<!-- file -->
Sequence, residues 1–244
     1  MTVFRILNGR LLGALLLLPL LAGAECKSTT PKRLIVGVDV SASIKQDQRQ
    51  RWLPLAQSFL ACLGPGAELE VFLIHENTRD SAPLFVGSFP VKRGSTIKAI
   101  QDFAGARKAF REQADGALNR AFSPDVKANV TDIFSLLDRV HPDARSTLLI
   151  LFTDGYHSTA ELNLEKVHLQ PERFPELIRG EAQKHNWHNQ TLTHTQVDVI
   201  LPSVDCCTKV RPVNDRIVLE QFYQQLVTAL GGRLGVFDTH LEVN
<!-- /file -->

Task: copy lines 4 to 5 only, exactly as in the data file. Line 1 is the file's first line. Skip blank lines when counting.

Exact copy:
   101  QDFAGARKAF REQADGALNR AFSPDVKANV TDIFSLLDRV HPDARSTLLI
   151  LFTDGYHSTA ELNLEKVHLQ PERFPELIRG EAQKHNWHNQ TLTHTQVDVI